Why Gluten-Free Food Isn’t All Gross

The president of the National Foundation for Celiac Awareness reacts to our story.

Ed. note: Last week, I posted a piece called “The Downside of Going Gluten Free: Everything Tastes Gross.” It was mostly an excerpt from a NewsWorks piece about how hard it is to find gluten-free food that actually tastes good. The writer, a comedian, bemoaned the flavorless choices of gluten-free pasta, cookies, cake and the like, writing, “When I was forced to go gluten-free, my doc didn’t mention I would have to also become free of anything that tasted delicious.” Alice Bast, the president of the National Foundation for Celiac Awareness, HQ’d in Ambler, asked if she could write a response. I told her to go for it. Here’s what she has to say.

Dear Emily,

When I saw your headline “The Downside of Going Gluten-Free: Everything Tastes Gross,” I thought, Well that’s a tad dramatic. After all, just last week you challenged GrubHub on its decision to leave Philly off its list of the best gluten-free cities. And considering how many gluten-free recipes and menu shout outs I’ve seen you share with Be Wellers, this sudden declaration seemed out of the blue and, well, pretty outdated.

Then I read Valerie DiMambro’s article. She makes some good points. Is the gluten-free fad frustrating? You betcha, especially when you have a medical condition that means you must eat gluten-free—24/7, for the rest of your life—but you’re lumped in with people who order a gluten-free cupcake because “it seems healthier.”

But one benefit I see in this trend is that gluten-free products are a whole lot better than they used to be.

I was diagnosed with celiac disease more than 20 years ago. Back then, no one voluntarily ate gluten-free products—they tasted terrible and they were practically impossible to find. It’s one of the reasons I started the National Foundation for Celiac Awareness (NFCA)—I wanted to make our lives (and food) better.

Now, thanks to the work of celiac disease advocates and some help from the booming interest in gluten-free diets, manufacturers are spending millions on research, development and marketing to make the best tasting gluten-free products and get them in stores fast. You can find gluten-free products—including munchies—at any Whole Foods, Trader Joe’s, Wegmans, ShopRite and even Walmart. When I go to a friend’s house and she serves gluten-free crackers, I like to pretend it’s because she wants me to feel included. But no, she just likes the crackers.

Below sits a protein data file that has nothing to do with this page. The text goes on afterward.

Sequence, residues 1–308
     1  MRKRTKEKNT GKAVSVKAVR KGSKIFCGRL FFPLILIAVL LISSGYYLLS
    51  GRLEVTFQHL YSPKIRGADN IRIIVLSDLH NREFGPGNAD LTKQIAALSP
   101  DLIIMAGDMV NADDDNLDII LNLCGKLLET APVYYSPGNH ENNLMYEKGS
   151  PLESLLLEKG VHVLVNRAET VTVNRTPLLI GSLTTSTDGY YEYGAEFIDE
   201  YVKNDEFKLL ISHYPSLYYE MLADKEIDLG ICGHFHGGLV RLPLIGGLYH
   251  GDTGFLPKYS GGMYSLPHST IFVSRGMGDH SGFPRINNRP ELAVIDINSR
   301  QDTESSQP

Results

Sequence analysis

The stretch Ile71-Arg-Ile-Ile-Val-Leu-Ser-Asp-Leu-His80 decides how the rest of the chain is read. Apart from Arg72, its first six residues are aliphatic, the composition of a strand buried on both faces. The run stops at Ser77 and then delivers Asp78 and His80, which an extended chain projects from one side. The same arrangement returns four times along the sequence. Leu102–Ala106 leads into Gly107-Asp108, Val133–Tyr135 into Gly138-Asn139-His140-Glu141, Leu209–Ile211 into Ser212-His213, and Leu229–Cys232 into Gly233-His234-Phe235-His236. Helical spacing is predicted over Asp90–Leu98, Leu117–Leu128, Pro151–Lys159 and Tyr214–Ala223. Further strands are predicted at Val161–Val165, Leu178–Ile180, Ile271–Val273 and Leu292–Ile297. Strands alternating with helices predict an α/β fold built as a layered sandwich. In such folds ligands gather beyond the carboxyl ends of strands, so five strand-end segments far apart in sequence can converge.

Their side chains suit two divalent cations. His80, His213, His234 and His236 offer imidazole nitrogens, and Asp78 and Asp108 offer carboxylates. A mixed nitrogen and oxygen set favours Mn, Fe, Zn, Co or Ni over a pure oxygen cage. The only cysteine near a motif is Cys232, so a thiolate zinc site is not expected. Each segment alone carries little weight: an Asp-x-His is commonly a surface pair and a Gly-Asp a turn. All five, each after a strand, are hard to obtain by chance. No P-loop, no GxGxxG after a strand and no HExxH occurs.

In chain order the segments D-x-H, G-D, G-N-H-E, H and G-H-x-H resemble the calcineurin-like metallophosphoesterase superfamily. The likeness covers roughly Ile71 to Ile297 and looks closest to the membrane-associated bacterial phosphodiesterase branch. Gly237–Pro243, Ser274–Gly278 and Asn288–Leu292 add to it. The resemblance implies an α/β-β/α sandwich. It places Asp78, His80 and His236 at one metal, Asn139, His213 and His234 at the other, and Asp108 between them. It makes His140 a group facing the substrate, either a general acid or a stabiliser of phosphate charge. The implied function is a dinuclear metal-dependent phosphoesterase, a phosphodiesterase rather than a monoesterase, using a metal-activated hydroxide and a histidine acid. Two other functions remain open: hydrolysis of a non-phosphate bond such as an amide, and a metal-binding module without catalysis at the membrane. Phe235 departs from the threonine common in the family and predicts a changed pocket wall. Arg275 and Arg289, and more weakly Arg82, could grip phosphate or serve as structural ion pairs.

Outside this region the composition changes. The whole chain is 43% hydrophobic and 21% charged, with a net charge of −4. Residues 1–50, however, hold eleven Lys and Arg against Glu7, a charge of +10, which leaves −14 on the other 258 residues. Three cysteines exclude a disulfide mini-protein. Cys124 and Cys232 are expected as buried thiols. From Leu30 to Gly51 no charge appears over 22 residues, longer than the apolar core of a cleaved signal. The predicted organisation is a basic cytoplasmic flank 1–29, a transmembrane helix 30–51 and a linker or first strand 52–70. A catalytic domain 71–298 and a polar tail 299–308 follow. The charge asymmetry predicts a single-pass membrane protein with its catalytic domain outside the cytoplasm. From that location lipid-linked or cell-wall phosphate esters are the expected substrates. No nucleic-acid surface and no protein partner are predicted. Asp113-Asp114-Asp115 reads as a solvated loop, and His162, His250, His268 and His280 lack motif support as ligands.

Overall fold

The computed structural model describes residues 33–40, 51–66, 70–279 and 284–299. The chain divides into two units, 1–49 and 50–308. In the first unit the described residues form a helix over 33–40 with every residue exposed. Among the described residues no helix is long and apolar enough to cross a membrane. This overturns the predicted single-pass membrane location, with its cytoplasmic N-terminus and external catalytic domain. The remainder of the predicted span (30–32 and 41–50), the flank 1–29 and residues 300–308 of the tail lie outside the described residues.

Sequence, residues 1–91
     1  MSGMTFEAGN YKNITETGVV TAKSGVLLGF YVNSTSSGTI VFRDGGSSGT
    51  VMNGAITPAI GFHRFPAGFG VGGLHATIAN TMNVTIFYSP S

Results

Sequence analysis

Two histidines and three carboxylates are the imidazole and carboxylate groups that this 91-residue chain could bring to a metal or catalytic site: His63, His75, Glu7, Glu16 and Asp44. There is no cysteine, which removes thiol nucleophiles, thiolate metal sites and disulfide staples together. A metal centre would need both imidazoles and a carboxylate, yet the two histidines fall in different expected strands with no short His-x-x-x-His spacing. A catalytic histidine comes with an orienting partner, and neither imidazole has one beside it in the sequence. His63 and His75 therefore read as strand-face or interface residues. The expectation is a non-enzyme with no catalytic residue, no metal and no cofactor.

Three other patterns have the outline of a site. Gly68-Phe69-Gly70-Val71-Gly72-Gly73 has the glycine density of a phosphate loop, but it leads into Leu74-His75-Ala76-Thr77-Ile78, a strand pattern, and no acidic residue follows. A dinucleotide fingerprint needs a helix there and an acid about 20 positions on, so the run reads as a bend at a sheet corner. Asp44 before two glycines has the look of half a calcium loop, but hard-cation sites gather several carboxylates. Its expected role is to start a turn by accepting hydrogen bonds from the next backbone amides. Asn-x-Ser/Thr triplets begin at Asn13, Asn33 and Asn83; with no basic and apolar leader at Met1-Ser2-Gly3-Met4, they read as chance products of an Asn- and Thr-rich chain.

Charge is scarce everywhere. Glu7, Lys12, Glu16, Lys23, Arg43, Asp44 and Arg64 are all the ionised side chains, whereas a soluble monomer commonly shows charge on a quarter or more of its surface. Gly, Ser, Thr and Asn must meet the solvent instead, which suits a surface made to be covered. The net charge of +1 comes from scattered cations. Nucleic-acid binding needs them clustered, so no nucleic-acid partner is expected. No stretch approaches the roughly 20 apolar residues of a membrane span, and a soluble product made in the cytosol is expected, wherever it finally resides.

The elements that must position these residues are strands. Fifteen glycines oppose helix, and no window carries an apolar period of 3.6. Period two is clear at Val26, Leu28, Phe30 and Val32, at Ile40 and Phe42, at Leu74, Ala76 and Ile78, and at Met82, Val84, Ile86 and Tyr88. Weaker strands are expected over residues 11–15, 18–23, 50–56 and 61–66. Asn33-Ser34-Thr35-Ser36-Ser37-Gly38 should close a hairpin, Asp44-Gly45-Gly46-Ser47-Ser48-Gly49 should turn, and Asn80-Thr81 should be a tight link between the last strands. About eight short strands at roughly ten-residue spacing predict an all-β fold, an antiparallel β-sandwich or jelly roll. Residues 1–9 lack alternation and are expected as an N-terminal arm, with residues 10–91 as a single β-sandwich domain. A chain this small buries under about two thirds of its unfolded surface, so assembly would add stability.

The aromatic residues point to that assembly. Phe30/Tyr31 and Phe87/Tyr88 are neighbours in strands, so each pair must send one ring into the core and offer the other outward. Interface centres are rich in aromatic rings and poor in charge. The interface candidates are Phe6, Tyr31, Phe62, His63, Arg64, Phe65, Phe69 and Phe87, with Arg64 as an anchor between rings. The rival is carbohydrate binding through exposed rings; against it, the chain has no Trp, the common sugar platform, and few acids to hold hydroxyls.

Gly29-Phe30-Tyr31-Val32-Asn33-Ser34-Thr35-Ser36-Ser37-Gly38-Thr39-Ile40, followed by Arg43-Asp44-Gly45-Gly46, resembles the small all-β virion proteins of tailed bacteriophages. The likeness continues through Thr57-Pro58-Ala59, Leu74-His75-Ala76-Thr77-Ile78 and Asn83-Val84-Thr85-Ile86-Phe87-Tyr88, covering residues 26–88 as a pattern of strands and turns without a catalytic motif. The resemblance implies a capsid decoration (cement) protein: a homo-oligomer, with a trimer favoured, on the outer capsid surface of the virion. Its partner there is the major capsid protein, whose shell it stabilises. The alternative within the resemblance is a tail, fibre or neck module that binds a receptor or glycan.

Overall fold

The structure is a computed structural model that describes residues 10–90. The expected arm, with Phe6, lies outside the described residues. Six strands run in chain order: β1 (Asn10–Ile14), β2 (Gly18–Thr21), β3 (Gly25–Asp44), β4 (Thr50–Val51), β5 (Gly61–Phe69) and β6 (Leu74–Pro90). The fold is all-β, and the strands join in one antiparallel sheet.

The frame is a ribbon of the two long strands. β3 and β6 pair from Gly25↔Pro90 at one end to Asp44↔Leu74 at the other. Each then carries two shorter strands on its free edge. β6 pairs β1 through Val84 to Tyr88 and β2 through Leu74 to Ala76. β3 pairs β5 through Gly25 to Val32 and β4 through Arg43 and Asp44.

So, are there bad gluten-free foods? Absolutely. But there are also some pretty terrible “regular” foods out there. I remember them. So, let’s not let a few poor product choices speak for the entire population of gluten-free options.

One thing I have learned over the years is that being gluten-free doesn’t mean I have to settle. If I try a gluten-free product and it’s bad, I try something new the next time. It takes time to find your favorites, but there are plenty of gluten-free product reviews out there to give you a head start.

The same goes for dining out. Especially in Philly, there’s no reason to settle for the “flavorless” baked chicken and steamed vegetables (standard gluten-free fare back in the day). Instead, I talk to the server or even the chef. More often than not, they can easily prepare something that’s gluten-free and fantastic—like seared scallops with a balsamic glaze and roasted vegetables. I’d take that over a pizza any day.

To our GREAT health,

Alice Bast


Alice Bast is President of the National Foundation for Celiac Awareness (NFCA), a non-profit organization dedicated to increasing diagnoses of celiac disease and other gluten-related disorders and improving the quality of life for those on a lifelong gluten-free diet. NFCA is based in Ambler, PA.